Sunday, December 14, 2008

City Life

Follow Your Dreams
By Tiffany Sims

Shortly after 11 a.m., a man, slightly hung over, and with more than a 5 o’clock shadow, wakes up in his partially sunlit 10 x 12 foot room in a duplex apartment that he shares with three other roommates that he doesn’t really know. He instantly reaches for his laptop, turns it on and immediately checks his email to see if he’s received notice from his casting agency about an audition for a commercial or film. He is Vedant Gokhale and he is an actor.

The night before, Gokhale was out with his older brother, who was in town from California for the Thanksgiving holiday. They had a fun night of Christmas shopping, eating burgers at their favorite restaurant, drinking at a nearby bar, eating more food at an Indian restaurant, more drinks and then pizza to top off the night.

This behavior is not uncommon for Gokhale, who doesn’t have much responsibility in the daytime since he is currently not working. But like most actors, Gokhale is very conscious of his weight. He goes to the gym regularly, especially after a night like the one just described, to try to work off the pounds he may have packed on from drinking and eating too much.

Vedant Gokhale is pursuing his
dream of an acting career.

Gokhale is driven to succeed in becoming an actor, but lately, it’s been pretty slow in the acting world. He hasn’t acted in anything in the past few months and auditions have become a bit scarce. It doesn’t help that the Screen Actor’s Guild (SAG) has been in negotiations over contracts since April and threaten to strike before the New Year.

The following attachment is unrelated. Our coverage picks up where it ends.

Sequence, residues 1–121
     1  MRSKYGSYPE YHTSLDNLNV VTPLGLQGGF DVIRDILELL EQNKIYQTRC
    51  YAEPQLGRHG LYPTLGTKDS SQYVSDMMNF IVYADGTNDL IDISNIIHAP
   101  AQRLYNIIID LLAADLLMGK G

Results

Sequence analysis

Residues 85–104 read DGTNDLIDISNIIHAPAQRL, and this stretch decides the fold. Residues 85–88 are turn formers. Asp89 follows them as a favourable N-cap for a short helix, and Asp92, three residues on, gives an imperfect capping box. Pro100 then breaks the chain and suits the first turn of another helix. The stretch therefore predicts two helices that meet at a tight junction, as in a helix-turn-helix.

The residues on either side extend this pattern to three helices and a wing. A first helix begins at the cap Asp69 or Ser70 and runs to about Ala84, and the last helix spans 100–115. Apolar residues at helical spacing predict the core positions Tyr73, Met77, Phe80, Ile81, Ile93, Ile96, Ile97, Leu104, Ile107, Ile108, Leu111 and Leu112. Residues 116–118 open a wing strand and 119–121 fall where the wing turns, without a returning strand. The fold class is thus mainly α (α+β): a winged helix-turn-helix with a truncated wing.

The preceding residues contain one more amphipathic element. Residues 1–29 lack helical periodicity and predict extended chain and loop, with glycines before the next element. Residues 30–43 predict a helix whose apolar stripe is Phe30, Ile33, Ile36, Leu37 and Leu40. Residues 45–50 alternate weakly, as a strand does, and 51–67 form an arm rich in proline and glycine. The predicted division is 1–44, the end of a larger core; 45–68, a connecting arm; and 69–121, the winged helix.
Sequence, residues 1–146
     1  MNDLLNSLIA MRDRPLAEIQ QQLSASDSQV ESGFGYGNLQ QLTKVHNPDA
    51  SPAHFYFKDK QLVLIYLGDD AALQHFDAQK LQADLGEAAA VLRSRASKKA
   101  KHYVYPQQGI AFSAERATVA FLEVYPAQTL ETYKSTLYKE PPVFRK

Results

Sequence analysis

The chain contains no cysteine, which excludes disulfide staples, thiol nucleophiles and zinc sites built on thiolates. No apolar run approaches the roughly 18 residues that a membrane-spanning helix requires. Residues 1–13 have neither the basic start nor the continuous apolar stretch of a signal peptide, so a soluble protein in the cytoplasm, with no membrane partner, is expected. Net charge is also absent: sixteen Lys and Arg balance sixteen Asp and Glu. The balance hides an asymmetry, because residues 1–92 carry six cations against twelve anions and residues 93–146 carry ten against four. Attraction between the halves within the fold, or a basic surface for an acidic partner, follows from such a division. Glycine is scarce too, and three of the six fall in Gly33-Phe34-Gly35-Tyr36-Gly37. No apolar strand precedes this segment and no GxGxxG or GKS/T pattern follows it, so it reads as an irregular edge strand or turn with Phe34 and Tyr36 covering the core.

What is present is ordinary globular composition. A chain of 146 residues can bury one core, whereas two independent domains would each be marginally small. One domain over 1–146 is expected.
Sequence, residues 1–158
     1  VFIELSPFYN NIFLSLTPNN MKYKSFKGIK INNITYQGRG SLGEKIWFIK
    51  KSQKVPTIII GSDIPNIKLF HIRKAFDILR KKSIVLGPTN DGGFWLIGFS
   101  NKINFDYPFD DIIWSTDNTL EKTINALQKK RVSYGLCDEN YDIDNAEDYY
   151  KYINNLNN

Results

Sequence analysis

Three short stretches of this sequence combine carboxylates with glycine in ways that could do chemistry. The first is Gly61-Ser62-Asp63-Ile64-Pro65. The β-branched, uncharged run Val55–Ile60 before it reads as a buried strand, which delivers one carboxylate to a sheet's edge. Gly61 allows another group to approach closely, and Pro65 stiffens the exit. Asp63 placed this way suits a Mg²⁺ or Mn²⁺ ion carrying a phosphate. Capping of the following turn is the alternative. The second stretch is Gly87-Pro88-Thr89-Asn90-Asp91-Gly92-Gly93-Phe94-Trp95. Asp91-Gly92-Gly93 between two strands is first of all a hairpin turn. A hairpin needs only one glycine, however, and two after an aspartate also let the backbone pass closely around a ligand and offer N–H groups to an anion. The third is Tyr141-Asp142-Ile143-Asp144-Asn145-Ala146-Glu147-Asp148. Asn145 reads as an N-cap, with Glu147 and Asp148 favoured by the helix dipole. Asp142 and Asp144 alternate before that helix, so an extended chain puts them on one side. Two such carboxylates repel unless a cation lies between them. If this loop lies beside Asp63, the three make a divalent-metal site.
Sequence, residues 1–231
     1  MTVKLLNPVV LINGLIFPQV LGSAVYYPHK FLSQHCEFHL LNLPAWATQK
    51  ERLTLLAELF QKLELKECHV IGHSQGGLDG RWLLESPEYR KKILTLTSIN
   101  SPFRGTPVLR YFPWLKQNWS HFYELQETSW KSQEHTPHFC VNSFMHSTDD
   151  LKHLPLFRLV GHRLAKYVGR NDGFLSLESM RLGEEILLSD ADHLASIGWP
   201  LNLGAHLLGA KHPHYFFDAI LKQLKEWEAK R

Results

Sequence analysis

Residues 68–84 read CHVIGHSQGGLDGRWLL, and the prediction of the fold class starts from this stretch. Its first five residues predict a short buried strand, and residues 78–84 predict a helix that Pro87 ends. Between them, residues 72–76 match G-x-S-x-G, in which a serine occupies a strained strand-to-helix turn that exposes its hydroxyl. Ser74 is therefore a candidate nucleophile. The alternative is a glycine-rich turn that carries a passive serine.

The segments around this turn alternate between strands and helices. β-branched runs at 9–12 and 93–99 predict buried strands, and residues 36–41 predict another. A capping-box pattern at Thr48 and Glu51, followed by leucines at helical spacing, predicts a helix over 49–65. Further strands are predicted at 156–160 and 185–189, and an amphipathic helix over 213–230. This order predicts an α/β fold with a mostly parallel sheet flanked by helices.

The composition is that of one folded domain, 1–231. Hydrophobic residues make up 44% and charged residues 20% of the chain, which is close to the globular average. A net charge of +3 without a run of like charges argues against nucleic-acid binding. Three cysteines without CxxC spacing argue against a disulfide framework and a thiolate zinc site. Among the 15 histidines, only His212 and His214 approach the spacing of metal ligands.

SAG members may not work on non-union production. But because of the anticipated strike, SAG members like Gokhale would not be allowed to work. This is bad news for Gokhale who became a SAG member earlier this year. All of the above being said, he is still immensely happy that he is able to pursue his dream, with the support of his family, given the route he took.

“Dreams are meant to be pursued. It’s not always easy or possible, but when the opportunity arrives they should be taken,” says Gokhale.

Vedant Arvind Gokhale, born October 15, 1977 in New Jersey, has two older brothers, Kedar and Mandaar, who are both physicians. Gokhale’s brothers are at least 10 years older than he is because he was not a planned pregnancy. In fact, his mother hid the pregnancy from his father because she really wanted a daughter.

Gokhale’s mother worked for Pan American Airlines and the perks of being an employee allowed her and her family members to fly free, or get great deals on plane tickets to anywhere. Because of this, Gokhale became a world traveler at a young age. He even has memories of spending nights in the Frankfurt, Germany airport on the way to India.

“We would barely get any sleep because of the old departure and arrival screens. They would make lots of noise,” Gokhale says. “Instead we would go to a McDonald's in the airport, which at that time was a novelty in a foreign country.”